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I know a few proofs over this theorem (where $\mathfrak{c}$ is the cardinality of $[0,1]$ and $\aleph_0$ is the cardinality of $\mathbb{N}$) where they construct two injections and then use Schröder-Bernstein (via the Cantor set or something like that).

Now I was wondering if I could do something like this:

Define $s: \{0,1\}^\mathbb{N} \to [0,1]$ by $$s(x) = \sum_{i = 1}^\infty \frac{x(i)}{2^i}.$$

Now this is clearly a surjection because this is just a binary expansion of numbers in $[0,1]$, but not injective because these expansions are not unique. Is there a way to make this work? Can I use this to construct a bijection?

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This observation is obvious in Qiaochu's answer: the function $s$ is actually a bijection between $(0,1]$ and the set of infinite subsets of $\mathbb{N}$... –  N. S. May 12 '11 at 22:33

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up vote 7 down vote accepted

Yes, but in my opinion, it's really not worth it. Binary expansions are unique for all real numbers except dyadic rationals $\frac{k}{2^n}$, since they can end with a string of zeroes or a string of ones. But there are only countably many dyadic rationals. So define $s : \{ 0, 1 \}^{\mathbb{N}} \to [0, 1]$ to be what you said for all strings that don't end with a string of zeroes or a string of ones, and for the countably many exceptions pick any bijection you like. For example, if a sequence $a_i \in \{ 0, 1 \}^{\mathbb{N}}$ ends with a string of ones, send it to $0.1 a_1 a_2 a_3 ...$, and if it ends with a string of zeroes, send it to $0.0 a_1 a_2 a_3 ...$.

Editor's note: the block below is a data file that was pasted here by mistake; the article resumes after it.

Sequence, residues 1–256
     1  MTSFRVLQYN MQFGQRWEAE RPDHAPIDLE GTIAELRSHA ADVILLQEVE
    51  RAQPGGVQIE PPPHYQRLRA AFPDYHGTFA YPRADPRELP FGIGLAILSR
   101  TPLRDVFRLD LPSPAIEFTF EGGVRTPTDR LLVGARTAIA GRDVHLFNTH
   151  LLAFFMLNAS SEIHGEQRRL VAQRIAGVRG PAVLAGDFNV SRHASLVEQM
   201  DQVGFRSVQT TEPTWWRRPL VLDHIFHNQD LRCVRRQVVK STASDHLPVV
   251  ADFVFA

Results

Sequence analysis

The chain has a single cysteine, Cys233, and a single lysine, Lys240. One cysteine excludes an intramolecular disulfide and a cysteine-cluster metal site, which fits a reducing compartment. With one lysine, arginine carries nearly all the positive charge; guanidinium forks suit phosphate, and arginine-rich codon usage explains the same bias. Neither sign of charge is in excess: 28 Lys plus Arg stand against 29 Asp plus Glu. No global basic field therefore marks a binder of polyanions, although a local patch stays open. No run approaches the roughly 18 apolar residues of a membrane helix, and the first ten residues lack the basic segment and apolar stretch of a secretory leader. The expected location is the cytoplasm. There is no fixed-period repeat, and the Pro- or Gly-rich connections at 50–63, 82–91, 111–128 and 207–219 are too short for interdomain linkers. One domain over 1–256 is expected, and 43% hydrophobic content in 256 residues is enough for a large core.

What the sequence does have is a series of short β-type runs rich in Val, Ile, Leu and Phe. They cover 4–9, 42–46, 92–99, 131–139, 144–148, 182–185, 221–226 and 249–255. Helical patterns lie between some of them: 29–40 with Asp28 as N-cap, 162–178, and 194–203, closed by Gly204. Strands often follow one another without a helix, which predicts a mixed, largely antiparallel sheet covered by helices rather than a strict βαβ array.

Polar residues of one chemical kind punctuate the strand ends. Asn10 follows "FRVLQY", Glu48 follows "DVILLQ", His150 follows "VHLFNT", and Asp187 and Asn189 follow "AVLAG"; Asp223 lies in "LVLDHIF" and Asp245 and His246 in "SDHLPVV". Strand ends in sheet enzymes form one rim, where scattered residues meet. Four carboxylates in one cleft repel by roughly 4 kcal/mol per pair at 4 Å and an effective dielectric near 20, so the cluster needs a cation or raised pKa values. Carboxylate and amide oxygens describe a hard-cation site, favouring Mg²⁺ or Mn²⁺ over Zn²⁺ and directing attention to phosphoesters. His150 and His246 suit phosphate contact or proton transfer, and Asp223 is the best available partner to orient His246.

But really, there's no point in not using Schroeder-Bernstein. Explicit bijections are highly overrated; in general it is much easier to construct an injection and a surjection.

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Thank you. I didn't realise it was unique for all real numbers except dyadic rationals. –  Jonas Teuwen Oct 29 '10 at 21:07
    
Oh, and it's also unique for 0 and, if you don't allow a units digit, for 1. I forgot to mention that part. But that's covered by how I defined my bijection. –  Qiaochu Yuan Oct 29 '10 at 21:15
    
Hmm. So the bijection above doesn't actually work; it misses 1/2 (and no other number)... but you get my point. –  Qiaochu Yuan Dec 2 '10 at 17:13

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